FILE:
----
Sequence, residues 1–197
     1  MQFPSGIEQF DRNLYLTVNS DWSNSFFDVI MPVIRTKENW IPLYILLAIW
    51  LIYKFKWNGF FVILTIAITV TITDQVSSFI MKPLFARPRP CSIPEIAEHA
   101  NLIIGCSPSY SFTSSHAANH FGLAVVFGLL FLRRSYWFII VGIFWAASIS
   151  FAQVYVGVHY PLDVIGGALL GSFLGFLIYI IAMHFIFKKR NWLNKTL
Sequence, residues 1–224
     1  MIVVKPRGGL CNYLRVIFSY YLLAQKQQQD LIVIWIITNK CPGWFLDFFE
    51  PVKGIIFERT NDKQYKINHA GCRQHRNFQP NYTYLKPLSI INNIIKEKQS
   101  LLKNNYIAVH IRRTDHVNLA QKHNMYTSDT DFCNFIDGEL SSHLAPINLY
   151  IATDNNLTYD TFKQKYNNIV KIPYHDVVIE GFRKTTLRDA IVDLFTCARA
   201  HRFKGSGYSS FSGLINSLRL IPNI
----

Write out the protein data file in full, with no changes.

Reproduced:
Sequence, residues 1–197
     1  MQFPSGIEQF DRNLYLTVNS DWSNSFFDVI MPVIRTKENW IPLYILLAIW
    51  LIYKFKWNGF FVILTIAITV TITDQVSSFI MKPLFARPRP CSIPEIAEHA
   101  NLIIGCSPSY SFTSSHAANH FGLAVVFGLL FLRRSYWFII VGIFWAASIS
   151  FAQVYVGVHY PLDVIGGALL GSFLGFLIYI IAMHFIFKKR NWLNKTL
Sequence, residues 1–224
     1  MIVVKPRGGL CNYLRVIFSY YLLAQKQQQD LIVIWIITNK CPGWFLDFFE
    51  PVKGIIFERT NDKQYKINHA GCRQHRNFQP NYTYLKPLSI INNIIKEKQS
   101  LLKNNYIAVH IRRTDHVNLA QKHNMYTSDT DFCNFIDGEL SSHLAPINLY
   151  IATDNNLTYD TFKQKYNNIV KIPYHDVVIE GFRKTTLRDA IVDLFTCARA
   201  HRFKGSGYSS FSGLINSLRL IPNI